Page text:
WASHINGTON — Metro riders who relied on the Red Line experienced single-tracking and longer wait times Tuesday morning as Washington Metropolitan Area Transit Authority crews worked on the site of the train derailment, officials said.
Metro investigators are looking mostly to determine if infrastructure problems led the railcars to come off the running rail Monday, Wiedefeld said, but they are also considering whether human error was a contributing factor.
WMATA spokesperson Sherri Ly confirmed that there were no injuries among the 60 passengers on the eight-car train, which was completely evacuated two hours after the 6:30am derailment.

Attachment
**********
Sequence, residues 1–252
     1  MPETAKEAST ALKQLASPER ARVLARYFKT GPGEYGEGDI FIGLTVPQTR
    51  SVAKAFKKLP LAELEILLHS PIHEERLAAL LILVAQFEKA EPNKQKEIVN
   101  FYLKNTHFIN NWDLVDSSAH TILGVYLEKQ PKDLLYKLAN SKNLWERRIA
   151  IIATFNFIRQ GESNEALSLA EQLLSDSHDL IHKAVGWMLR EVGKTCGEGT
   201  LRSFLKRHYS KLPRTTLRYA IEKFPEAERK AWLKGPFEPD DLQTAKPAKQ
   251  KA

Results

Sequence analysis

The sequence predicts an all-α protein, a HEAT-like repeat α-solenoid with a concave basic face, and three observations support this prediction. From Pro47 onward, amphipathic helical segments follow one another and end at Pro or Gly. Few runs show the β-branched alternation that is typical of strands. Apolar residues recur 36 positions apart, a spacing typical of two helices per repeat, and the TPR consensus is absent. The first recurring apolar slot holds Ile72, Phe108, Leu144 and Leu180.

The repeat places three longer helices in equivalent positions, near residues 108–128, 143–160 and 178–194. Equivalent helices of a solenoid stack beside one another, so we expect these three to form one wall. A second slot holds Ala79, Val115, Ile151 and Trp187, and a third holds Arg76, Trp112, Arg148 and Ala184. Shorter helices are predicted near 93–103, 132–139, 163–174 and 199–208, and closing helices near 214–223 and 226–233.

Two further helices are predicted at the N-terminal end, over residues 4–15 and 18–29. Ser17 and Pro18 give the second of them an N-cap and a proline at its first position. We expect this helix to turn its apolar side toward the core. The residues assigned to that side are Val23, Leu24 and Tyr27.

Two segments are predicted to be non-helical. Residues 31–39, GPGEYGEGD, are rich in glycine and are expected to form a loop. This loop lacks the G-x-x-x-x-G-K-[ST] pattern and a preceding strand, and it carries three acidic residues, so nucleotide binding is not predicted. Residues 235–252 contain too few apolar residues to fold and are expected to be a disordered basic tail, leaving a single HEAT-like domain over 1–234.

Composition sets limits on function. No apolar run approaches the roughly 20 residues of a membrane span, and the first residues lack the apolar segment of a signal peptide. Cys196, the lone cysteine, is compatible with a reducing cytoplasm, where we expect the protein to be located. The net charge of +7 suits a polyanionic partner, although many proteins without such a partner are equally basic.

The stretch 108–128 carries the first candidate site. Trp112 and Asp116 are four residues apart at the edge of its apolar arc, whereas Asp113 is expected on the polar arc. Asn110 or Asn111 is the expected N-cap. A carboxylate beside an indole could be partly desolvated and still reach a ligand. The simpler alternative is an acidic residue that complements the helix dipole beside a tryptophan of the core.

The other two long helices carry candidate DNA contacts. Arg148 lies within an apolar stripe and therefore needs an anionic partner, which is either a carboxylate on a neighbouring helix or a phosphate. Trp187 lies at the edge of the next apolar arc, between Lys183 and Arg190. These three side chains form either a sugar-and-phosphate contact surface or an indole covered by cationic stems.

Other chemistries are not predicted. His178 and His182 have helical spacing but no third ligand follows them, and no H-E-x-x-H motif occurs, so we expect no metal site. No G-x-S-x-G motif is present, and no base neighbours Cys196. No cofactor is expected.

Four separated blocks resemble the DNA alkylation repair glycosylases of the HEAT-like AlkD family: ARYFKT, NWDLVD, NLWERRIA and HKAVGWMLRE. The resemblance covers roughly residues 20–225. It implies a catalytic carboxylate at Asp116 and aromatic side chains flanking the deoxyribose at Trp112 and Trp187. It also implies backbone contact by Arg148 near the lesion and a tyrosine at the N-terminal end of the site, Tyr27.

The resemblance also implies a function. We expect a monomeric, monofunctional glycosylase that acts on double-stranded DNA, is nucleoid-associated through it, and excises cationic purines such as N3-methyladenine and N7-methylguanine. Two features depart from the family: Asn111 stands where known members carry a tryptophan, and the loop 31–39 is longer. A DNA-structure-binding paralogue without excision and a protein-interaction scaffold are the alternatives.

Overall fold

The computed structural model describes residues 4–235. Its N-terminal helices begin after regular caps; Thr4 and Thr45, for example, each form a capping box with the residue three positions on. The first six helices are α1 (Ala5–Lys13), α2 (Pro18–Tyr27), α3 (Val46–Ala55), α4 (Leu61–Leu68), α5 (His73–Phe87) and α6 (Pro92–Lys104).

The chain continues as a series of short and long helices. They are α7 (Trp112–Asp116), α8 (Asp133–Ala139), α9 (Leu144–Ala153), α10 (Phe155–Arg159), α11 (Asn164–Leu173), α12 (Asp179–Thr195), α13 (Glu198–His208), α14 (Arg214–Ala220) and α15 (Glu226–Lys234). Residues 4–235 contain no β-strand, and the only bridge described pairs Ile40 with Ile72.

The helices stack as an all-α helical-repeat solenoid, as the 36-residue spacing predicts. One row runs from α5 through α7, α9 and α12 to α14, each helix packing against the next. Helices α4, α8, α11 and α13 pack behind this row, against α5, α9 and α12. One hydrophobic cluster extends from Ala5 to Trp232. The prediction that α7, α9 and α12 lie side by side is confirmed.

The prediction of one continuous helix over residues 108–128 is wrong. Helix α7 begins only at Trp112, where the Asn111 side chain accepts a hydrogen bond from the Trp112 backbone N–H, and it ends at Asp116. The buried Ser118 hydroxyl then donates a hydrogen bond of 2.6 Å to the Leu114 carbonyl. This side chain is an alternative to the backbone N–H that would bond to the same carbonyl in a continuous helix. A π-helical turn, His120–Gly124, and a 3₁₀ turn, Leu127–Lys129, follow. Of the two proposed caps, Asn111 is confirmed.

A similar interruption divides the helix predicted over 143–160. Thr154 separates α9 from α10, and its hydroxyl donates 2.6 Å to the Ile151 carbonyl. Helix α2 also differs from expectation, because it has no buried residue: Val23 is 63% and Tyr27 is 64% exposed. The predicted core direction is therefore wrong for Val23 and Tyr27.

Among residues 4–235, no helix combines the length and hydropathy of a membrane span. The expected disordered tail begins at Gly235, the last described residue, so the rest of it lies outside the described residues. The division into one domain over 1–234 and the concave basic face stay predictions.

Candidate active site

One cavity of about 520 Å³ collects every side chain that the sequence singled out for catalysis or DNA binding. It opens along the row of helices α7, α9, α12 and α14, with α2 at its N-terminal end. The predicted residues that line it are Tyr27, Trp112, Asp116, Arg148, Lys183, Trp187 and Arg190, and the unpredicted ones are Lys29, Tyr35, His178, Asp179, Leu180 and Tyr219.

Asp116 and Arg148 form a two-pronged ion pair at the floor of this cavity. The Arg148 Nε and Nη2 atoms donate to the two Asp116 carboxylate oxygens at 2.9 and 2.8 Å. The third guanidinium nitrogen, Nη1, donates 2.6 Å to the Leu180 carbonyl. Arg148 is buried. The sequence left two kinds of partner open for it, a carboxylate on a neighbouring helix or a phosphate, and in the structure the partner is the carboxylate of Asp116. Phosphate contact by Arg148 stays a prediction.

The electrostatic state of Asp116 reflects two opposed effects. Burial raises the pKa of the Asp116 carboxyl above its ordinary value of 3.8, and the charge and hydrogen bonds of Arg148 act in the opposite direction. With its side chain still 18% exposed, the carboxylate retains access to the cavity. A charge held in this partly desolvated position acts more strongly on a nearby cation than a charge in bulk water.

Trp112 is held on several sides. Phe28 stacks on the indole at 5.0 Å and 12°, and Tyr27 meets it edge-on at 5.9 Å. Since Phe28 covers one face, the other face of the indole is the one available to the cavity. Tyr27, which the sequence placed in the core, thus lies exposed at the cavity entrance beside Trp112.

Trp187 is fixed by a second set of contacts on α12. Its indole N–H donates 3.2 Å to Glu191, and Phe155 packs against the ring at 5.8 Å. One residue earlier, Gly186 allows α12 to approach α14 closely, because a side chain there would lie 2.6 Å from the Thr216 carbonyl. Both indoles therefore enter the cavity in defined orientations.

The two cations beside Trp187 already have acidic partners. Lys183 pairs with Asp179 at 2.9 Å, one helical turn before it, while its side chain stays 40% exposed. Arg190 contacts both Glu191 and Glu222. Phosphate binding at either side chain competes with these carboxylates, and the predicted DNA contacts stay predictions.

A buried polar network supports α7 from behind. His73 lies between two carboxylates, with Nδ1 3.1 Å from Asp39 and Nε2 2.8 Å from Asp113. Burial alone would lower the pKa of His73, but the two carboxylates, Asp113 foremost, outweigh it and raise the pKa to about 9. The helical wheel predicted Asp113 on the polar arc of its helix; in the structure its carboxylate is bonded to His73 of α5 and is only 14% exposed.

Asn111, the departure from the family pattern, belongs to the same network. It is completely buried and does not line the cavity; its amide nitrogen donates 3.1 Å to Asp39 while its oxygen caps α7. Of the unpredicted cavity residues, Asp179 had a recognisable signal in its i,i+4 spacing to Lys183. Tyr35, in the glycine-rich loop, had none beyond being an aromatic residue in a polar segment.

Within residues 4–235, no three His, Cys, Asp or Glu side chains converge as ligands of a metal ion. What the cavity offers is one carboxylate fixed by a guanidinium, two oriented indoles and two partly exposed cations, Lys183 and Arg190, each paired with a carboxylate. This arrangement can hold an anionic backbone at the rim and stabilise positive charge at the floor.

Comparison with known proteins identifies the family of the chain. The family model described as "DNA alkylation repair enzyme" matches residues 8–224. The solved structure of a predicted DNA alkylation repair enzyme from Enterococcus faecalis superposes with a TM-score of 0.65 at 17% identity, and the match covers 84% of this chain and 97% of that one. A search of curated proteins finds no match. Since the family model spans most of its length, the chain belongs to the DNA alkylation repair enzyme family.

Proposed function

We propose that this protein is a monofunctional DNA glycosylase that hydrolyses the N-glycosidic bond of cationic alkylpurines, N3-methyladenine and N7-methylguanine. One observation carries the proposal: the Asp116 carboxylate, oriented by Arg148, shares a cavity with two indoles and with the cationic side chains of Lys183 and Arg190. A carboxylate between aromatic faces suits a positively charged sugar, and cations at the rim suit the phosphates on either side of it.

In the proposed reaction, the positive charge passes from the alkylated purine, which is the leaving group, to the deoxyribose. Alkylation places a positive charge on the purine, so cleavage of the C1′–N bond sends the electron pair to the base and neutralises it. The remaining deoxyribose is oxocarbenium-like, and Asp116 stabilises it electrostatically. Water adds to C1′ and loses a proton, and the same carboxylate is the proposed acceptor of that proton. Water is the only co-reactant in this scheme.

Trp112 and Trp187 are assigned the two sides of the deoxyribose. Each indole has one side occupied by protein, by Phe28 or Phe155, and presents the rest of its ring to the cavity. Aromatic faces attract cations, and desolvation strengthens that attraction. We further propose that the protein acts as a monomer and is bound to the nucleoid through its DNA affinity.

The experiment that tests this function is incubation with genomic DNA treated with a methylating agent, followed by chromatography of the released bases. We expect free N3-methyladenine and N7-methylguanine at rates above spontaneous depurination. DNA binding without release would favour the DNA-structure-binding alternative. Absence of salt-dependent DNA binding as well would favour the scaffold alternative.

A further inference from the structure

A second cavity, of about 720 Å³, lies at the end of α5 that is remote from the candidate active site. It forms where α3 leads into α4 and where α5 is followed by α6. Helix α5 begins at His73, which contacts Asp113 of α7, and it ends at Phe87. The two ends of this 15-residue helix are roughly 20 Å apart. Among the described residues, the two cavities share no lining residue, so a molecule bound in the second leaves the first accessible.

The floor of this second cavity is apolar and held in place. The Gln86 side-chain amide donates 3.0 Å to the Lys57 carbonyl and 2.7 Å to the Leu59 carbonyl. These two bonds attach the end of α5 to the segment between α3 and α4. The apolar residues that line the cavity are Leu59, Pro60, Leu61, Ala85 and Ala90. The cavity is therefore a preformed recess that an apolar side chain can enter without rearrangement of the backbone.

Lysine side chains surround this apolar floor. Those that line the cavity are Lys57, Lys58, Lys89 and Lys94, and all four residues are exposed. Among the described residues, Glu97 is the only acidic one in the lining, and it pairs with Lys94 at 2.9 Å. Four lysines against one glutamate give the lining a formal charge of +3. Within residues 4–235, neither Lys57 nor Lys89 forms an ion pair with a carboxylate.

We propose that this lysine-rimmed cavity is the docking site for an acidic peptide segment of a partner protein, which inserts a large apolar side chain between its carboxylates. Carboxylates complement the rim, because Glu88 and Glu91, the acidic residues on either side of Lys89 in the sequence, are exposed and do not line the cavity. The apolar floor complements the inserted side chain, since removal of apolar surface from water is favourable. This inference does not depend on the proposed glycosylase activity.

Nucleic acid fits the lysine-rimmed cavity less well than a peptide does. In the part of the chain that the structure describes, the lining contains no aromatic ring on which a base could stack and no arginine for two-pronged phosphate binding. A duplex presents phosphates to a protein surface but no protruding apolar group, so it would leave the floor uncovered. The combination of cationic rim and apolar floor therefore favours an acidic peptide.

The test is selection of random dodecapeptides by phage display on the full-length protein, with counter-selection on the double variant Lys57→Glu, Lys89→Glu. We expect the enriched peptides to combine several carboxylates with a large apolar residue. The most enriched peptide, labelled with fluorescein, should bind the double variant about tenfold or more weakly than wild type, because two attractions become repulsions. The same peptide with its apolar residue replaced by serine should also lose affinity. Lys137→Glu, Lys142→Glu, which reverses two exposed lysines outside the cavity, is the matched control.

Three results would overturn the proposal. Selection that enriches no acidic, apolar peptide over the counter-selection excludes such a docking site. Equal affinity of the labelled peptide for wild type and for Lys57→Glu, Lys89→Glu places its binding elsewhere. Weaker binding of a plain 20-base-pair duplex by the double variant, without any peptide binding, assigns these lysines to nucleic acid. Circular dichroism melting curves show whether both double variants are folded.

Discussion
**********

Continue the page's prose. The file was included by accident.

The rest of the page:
Both Wiedefeld and WMATA Board of Directors chairman, D.C. Council member Jack Evans (Ward 2) on Monday favorably compared the response to the derailment by both WMATA and the D.C. Fire and Emergency Medical Service with the L’Enfant Plaza smoke incident, which took place three years ago, noting that both agencies incident response showed improvement.
During the L’Enfant incident, which occurred on January 13, 2015, an electrical problem caused a train to stop while smoke built up in the Yellow/Green line tunnel. Exposure to the smoke resulted in the death of one woman and left dozens injured. Both WMATA and DC FEMS were harshly criticized in a National Transportation Safety Board report following an investigation, and the resulting report made numerous recommendations to both agencies, as well as to the Federal Transit Administration.
Buses replaced trains between Dupont Circle and Judiciary Square stations until around 10:30 a.m. Monday, officials said. The derailment caused delays in both directions on the Red Line.